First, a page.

Issues,  Law School,  Legal Practice

That’s It? The legal industry’s slow, resistant march towards diversity

First, if you haven’t had a chance to do a deep dive in the latest legal profile by the ABA here it is. It is full of great gems and covers various sectors but as usual focuses heavy on big law.

Ultimately, what the profile reveals is that it is hard out here for a Latina attorney. Latinx have the highest rates of attrition, attorneys of color, in general, are less likely to be promoted to equity partner than white attorneys and more likely to leave the firm. Women also left during COVID to take care of households and that will have long-lasting implications that we are yet to see. And of course, the percentage of Latinx attorneys rose by just 1 percent.

Why does it seem so difficult to join and sustain this career?

My hypothesis is because this is an industry that values hyper-masculinity. This is seen in the ways that it value competitiveness, apathy, exclusivity, and dismissive attitudes towards having a personal life, which results in toxic environments. Add a pinch of patriarchy that requires successful attorneys to basically have someone who can cook/clean/care for them at home and well, like I said, it’s hard out there for us.

Oh of course, don’t forget racism and xenophobia, which is also incredibly present within the law and the industry itself. It can be really difficult to experience all of this, especially if you go the “traditional” route and join the private sector, but government and non-profits have similar issues too.

But if it’s so horrible, why do I encourage people to become lawyers?

I encourage people to become lawyers because I don’t think we should be dissuaded from achieving our goals simply because those in power want to keep us out. And knowing the barriers that we may face helps us identify them when they are happening to us and create game plans on how to address them, including a plan b when you realized you’ve hit a wall.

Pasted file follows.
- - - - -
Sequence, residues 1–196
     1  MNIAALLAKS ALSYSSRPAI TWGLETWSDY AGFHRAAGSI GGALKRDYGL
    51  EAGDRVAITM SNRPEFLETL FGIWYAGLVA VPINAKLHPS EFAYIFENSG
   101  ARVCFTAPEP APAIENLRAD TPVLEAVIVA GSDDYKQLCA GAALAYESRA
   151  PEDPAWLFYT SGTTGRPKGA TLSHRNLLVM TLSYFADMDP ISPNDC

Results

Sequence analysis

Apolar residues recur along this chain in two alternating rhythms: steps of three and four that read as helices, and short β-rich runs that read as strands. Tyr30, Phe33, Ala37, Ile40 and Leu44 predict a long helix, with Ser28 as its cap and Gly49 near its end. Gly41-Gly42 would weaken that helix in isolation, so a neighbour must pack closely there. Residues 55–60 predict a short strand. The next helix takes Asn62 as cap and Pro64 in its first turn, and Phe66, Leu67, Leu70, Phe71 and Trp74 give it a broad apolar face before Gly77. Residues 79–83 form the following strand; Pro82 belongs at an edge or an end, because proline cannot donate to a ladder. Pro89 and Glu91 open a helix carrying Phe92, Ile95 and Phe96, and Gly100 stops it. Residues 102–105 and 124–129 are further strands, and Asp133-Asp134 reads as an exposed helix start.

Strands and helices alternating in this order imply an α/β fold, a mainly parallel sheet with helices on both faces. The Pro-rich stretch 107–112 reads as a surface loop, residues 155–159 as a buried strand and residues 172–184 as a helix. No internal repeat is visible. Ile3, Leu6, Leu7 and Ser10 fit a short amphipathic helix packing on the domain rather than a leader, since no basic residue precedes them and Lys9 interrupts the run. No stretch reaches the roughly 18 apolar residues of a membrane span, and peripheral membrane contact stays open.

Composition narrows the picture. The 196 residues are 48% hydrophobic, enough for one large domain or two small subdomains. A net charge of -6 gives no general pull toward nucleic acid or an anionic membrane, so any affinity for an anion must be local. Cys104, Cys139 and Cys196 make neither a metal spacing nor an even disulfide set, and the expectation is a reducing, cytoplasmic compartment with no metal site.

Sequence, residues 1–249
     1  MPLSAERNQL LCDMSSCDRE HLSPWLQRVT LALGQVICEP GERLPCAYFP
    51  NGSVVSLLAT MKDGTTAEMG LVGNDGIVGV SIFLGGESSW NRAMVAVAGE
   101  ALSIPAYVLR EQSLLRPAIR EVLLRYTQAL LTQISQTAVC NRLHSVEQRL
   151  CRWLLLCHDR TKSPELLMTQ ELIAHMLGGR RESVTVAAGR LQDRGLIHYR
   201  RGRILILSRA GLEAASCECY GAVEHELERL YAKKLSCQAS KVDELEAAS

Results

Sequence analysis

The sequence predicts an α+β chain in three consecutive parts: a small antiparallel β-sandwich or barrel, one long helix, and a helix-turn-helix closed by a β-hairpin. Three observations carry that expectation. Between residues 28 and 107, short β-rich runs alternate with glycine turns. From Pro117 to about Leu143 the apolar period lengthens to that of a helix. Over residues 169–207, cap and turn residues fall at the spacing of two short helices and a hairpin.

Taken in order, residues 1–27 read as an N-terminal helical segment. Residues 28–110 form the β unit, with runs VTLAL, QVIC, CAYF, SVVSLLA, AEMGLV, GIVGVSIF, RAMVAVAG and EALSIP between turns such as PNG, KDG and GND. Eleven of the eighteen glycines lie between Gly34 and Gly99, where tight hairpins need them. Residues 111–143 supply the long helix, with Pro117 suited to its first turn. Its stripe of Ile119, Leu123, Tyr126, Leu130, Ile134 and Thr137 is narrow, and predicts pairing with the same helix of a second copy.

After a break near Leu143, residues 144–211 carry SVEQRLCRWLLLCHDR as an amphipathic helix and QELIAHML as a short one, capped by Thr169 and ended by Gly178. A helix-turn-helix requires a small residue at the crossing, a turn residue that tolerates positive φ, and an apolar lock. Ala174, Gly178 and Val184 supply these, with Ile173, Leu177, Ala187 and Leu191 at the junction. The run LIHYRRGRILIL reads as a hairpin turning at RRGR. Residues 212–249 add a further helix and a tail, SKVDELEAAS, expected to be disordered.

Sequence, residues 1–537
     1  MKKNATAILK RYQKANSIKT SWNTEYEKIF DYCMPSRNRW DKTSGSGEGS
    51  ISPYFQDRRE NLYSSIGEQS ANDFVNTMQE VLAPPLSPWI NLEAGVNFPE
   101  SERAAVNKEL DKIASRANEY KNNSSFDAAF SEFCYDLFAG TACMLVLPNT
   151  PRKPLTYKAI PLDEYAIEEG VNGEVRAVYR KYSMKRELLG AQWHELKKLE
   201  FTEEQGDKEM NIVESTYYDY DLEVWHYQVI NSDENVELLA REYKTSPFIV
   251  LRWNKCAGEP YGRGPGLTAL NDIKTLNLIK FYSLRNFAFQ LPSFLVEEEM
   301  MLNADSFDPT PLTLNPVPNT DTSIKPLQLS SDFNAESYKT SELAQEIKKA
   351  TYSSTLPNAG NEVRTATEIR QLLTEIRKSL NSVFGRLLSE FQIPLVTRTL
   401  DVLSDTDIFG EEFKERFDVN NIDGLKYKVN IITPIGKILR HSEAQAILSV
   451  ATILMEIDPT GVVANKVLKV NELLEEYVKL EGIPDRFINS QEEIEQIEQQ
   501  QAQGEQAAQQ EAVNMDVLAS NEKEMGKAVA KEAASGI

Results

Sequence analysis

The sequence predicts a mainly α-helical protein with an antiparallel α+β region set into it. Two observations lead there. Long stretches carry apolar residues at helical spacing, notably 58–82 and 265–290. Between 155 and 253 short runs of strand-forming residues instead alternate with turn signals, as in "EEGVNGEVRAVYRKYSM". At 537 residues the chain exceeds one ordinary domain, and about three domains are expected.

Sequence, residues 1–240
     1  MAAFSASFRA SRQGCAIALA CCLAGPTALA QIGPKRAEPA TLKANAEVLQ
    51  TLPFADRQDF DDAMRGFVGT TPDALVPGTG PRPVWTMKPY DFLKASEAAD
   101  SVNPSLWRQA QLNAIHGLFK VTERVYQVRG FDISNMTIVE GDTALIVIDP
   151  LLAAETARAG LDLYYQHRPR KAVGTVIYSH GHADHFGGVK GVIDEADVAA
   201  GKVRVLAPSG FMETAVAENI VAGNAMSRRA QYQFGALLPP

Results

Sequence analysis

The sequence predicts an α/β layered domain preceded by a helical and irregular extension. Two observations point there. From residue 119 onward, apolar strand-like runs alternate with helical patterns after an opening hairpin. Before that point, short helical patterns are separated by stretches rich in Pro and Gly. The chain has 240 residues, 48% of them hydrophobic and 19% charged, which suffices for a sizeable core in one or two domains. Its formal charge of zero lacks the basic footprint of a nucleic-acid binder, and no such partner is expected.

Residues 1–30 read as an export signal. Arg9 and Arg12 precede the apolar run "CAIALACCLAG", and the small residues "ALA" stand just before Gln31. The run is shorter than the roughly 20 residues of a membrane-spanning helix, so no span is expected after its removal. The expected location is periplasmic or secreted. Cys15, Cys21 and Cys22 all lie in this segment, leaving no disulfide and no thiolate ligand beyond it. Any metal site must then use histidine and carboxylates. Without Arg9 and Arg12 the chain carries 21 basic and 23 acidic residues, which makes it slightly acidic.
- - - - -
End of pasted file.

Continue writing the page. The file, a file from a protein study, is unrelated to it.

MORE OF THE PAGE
Of course that means you have to do more work than your white counterparts and that is just as frustrating when the industry seems to move at a glacial pace to make things better (one percentage growth, really?!). It raises the question as to whether the industry even wants to be better, more diverse, and inclusive…

Ok, again you ask, why encourage ppl to join this profession? Because lawyers have power, whether we like it or not. We gain access to knowledge, are granted entry into spaces normally excluded, and provides tools we can use to better our community, family, and ourselves. The ABA profile does not paint a great picture but for those called to this profession I hope it doesn’t discourage you. We can overcome lots of obstacles and owe it to ourselves to fight for our career goals.

What else can we do?

One. Keep advocating for big and small changes. That can include large advocacy work (perhaps you want your state to improve it’s bar exam process) or it can be informal (maybe you mentor young women interested in the law). If you have space for it, finding ways to push and demand that this industry improve can make a difference.

Two. Stay introspective. We’ve discussed many times that the higher we climb as professionals that more likely we are to drink the kool-aid. Check yourself, often, to ensure that the classism of this profession hasn’t seeped into your thinking or behavior. Remember, we don’t gatekeep for nobody!

Three. Focus on you. I talk a lot about using this degree to help community but as individuals we also have the right to feel fulfilled in what we do. Ask yourself, what does success mean to me? Does it mean equity partner at a big law firm? For many it actually does not. So then, what will you do to actually achieve success (as you define it)? What does financial stability mean to you—it will be different for everyone because our own circumstances require different things—when I was fresh out of law school, stability for me just meant not living paycheck to paycheck because that was all I knew growing up. And as I advance in my career that definition shifts. Finally, ask what is your passion? After a while, it may not be traditionally lawyering, but the skills you hone and knowledge you gain as a JD/attorney will last a lifetime.

Ultimately, becoming a lawyer is hard, practicing in this industry is difficult and neither is changing any time soon. But remind yourself that you have the right and the ability to fight for your goals, strategize your journey, and craft the career that you want.

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